For The Record

Advocates for increased mental health services rally at Capitol for more support

By: - January 24, 2022 7:04 pm

Jasmine Turner is one of more than a dozen Georgians in recovery who will be featured on billboards across the state as part of a project designed to chip away at the stigma of addiction. She is pictured holding a miniature replica of her billboard, which features Turner with her mom and 14-year-old son. Jill Nolin/Georgia Recorder

There was a time when Jasmine Turner was reluctant to talk about her recovery from addiction. But today, the Sandy Springs mom says she wants to share her story with anyone who will listen.

Or in this case, any observant motorist who looks up.

Turner is one of more than a dozen Georgians in recovery who will be featured on billboards across the state as part of a project designed to chip away at the stigma of addiction and offer passersby a sense of hope.

“I used to be ashamed of saying that I was a person in recovery, but now, it’s like for the world to know,” said Turner, who has been in recovery for nearly 11 years and now works as a recovery minister at North Atlanta Church of Christ. “Yes, recovery is possible, and in all bold letters, no matter what.”

“No matter what” is a reminder she has tattooed on her arms and has had printed on wristbands she freely gives away at the grocery store and wherever she goes. The billboard just vastly expanded the reach of her message: Recovery is possible, no matter what.

Turner said she hopes the billboards will inspire someone who is facing their own struggle. The billboard project is in its second year and is funded through federal block grant funds, which the state decides how to spend. This year’s campaign cost $1.2 million.

Turner and the other featured Georgians rallied at the state Capitol Monday as advocates and a bipartisan group of lawmakers press for action on mental health and substance use disorder services.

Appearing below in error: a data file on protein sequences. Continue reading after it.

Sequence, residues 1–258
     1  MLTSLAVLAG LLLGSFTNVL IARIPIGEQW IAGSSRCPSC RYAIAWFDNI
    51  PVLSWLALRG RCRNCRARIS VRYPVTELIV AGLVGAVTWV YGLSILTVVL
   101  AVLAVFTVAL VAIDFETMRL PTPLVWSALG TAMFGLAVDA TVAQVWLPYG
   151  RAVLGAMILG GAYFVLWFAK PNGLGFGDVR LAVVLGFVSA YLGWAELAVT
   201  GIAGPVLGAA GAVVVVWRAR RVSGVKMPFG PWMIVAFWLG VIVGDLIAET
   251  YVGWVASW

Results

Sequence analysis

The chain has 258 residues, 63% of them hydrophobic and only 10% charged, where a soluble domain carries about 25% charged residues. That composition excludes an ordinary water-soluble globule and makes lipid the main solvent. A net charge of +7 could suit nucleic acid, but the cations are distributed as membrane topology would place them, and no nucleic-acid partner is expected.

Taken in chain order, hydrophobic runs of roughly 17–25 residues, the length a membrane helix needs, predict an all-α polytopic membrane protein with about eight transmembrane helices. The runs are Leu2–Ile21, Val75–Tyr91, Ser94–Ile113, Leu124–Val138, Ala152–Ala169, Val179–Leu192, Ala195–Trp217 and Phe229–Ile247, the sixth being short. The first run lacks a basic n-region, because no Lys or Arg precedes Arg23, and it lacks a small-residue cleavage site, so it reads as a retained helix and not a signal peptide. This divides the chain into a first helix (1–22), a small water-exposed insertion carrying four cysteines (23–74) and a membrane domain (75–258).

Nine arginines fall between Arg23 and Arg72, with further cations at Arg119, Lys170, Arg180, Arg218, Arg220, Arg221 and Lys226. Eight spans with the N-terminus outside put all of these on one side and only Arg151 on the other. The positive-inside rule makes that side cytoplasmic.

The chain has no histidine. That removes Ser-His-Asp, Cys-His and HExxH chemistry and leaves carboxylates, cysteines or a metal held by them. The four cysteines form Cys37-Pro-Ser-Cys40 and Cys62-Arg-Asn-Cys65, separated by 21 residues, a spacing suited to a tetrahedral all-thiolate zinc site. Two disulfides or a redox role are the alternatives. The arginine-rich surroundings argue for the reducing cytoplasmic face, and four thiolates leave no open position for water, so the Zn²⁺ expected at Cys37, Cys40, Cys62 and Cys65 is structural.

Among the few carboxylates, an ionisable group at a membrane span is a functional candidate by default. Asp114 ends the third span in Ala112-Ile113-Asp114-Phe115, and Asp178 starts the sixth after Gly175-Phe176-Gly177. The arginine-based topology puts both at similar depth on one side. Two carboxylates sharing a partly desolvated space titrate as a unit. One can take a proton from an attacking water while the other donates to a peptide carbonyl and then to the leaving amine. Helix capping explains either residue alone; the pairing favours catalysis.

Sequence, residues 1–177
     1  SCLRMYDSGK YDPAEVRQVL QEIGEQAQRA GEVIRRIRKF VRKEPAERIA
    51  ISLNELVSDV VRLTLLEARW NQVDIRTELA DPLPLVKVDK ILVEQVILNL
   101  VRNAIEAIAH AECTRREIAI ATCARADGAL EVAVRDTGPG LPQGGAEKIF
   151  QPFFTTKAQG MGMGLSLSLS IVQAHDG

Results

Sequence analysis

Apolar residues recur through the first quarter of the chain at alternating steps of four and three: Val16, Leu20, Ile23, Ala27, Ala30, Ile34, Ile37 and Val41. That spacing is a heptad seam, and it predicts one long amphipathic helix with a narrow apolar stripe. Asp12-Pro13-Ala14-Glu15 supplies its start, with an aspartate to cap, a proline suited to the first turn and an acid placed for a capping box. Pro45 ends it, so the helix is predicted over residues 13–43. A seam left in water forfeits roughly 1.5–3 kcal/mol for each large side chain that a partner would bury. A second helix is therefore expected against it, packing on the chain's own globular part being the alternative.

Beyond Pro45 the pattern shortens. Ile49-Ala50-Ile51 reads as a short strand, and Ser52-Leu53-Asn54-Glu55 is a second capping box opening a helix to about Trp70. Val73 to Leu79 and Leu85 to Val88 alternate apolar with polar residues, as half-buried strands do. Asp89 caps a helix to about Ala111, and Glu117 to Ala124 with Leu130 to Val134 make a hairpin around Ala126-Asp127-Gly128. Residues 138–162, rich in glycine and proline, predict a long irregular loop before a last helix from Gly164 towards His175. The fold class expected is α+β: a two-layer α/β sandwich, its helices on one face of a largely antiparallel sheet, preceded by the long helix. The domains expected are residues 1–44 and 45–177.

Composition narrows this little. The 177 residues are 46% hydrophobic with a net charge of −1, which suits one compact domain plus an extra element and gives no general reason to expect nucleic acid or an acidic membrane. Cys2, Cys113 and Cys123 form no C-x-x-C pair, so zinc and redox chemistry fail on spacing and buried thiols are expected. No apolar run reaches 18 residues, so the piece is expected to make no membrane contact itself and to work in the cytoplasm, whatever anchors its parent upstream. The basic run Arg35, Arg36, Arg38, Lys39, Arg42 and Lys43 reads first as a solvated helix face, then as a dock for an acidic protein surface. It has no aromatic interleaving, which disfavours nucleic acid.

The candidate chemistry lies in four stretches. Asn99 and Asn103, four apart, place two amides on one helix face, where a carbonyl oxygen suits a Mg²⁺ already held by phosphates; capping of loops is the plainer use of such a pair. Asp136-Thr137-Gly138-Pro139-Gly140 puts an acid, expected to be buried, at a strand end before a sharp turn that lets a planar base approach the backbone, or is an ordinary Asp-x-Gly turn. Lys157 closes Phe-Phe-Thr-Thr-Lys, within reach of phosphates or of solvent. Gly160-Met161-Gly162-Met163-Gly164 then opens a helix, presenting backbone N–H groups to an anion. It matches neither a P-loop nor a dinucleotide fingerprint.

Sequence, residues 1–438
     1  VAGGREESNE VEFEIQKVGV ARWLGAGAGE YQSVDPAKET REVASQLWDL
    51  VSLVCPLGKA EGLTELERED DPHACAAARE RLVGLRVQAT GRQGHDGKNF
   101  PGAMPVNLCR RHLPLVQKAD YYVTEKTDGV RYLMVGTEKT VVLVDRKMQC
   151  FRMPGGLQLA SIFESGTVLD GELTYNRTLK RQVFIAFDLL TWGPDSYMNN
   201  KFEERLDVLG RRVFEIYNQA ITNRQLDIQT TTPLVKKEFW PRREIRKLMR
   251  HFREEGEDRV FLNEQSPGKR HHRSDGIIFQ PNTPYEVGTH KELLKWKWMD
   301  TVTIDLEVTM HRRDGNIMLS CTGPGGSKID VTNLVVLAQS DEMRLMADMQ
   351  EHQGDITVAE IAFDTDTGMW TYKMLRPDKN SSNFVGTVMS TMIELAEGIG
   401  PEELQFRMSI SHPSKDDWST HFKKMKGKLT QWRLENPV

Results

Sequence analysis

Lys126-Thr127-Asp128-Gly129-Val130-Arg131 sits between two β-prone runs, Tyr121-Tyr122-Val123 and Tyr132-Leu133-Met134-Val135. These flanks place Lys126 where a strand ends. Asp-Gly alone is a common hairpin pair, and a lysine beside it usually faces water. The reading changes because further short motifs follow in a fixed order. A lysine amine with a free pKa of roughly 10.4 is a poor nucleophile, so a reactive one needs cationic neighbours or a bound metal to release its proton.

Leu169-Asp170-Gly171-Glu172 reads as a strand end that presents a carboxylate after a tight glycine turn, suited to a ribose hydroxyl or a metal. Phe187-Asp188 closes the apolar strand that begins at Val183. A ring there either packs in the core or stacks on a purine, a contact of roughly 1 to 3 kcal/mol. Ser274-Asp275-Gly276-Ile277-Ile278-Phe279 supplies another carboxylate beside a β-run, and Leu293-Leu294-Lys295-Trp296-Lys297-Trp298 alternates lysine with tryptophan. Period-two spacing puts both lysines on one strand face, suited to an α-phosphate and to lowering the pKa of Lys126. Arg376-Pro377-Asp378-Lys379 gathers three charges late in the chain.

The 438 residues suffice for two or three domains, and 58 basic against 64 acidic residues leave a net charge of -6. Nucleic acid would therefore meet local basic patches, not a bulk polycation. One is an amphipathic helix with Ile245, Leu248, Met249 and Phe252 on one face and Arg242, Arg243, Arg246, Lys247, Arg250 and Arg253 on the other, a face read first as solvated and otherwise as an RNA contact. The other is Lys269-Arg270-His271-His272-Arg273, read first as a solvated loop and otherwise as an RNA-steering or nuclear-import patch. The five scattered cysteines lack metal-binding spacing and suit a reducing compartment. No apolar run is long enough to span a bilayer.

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A lengthy bill is set to be unveiled Wednesday. State Rep. Todd Jones, a South Forsyth Republican who co-chairs the newly formed mental health caucus, said Monday the measure will be about “as comprehensive as you’re going to see any bill” be.

The work is expected to include recommendations from the state Behavioral Health Innovation and Reform Commission that has been meeting since 2019. Advocates have been pushing for state enforcement of a 14-year-old federal law that requires insurers to provide behavioral health benefits that are on par with physical coverage.

“We know that recovery is more essential than ever,” Judy Fitzgerald, commissioner of the state Department of Behavioral Health and Developmental disabilities, said Monday.

“We heard widespread reporting about alarming increases in overdoses and substance use across the nation and in Georgia. So, it’s essential to put behavioral health at the center of our overall well being,” she said.

There have been troubling signs of the pandemic’s toll on mental health and substance use here in Georgia, although it will likely take time to measure the full impact.

But advocates have sounded the alarm and have called the harm to behavioral health the “next pandemic” – or the epidemic within the pandemic. They have gotten the attention of lawmakers from both sides of the aisle, and some have gone as far as to predict this legislative session will be “the year for mental health.”

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Jill Nolin
Jill Nolin

Jill Nolin has spent nearly 15 years reporting on state and local government in four states, focusing on policy and political stories and tracking public spending. She has spent the last five years chasing stories in the halls of Georgia’s Gold Dome, earning recognition for her work showing the impact of rising opioid addiction on the state’s rural communities. She is a graduate of Troy University.

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